|'The Swimming Hole' by Thomas Eakins (1884-85)|
Poet Walt Whitman loved swimming with other young men, nude in the fashion of the 19th century, their bodies electric.
Poise on the hips, leaping, reclining, embracing, arm-curving and tightening,
The continual changes of the flex of the mouth, and around the eyes,
The skin, the sun-burnt shade, freckles, hair,
The curious sympathy one feels, when feeling with the hand the naked meat of the body,
The circling rivers, the breath, and breathing it in and out…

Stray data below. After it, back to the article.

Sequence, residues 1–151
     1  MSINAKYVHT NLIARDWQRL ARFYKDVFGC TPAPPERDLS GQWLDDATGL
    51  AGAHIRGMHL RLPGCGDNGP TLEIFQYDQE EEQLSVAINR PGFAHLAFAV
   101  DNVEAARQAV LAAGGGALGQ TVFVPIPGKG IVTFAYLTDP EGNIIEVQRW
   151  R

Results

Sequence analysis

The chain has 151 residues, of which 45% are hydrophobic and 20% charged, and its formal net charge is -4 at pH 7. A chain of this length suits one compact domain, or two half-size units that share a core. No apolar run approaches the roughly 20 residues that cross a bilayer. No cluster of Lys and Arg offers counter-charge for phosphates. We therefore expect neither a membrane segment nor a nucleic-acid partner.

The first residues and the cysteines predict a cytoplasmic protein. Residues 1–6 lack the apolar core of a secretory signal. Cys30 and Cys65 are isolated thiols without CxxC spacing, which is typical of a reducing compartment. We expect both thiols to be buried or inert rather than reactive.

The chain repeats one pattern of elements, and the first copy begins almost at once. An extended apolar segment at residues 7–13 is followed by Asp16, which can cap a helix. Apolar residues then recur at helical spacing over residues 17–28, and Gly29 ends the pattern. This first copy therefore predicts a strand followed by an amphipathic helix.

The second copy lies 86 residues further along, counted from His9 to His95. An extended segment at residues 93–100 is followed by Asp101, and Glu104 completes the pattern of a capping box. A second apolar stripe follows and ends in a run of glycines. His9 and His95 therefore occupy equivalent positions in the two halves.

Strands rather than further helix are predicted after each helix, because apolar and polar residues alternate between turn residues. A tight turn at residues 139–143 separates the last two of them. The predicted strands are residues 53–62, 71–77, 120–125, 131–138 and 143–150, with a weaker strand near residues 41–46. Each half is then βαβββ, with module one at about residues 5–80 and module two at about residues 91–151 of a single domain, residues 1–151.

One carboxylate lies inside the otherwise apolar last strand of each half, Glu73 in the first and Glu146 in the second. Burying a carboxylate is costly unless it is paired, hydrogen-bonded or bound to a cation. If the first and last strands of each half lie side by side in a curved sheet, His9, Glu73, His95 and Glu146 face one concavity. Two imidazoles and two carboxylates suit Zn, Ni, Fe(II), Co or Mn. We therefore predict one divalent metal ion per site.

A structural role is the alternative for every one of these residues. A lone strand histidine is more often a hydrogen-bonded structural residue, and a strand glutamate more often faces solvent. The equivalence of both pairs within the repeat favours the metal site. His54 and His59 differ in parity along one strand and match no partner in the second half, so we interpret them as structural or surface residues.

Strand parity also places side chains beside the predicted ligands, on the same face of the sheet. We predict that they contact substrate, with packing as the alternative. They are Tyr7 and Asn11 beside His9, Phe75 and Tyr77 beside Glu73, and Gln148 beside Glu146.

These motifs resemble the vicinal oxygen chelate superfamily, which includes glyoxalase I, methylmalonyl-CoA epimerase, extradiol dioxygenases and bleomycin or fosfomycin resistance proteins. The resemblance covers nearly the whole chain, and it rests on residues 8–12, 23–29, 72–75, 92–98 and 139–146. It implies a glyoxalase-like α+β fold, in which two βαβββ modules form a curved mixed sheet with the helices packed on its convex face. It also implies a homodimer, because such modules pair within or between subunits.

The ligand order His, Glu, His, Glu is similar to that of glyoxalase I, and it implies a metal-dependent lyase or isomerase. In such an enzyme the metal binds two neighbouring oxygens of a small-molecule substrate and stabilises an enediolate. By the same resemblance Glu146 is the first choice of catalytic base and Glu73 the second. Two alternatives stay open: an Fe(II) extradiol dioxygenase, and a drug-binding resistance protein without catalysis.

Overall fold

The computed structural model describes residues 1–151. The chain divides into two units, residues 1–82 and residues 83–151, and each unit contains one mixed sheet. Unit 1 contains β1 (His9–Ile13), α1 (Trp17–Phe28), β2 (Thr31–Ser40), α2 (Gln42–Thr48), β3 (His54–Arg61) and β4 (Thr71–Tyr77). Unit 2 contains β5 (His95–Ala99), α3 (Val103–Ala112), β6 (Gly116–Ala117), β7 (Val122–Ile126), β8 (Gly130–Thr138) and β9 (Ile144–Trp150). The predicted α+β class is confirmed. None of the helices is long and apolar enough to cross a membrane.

“The young men ran dancing and laughing along the sand, bathed in the surf, fished, dug clams, speared messes of fat, sweet-meated eel,” wrote biographer Justin Kaplan. “He loved swimming, of a passive sort — ‘I was a first rate aquatic loafer,’ he recalled. ‘I possessed almost unlimited capacity for floating on my back.’ Cradled, rocked and drowsing, his body rolling ‘silently to and fro in the heave of the water,’ he lay suspended between the depths and the light, between the unconscious and the world of necessity.”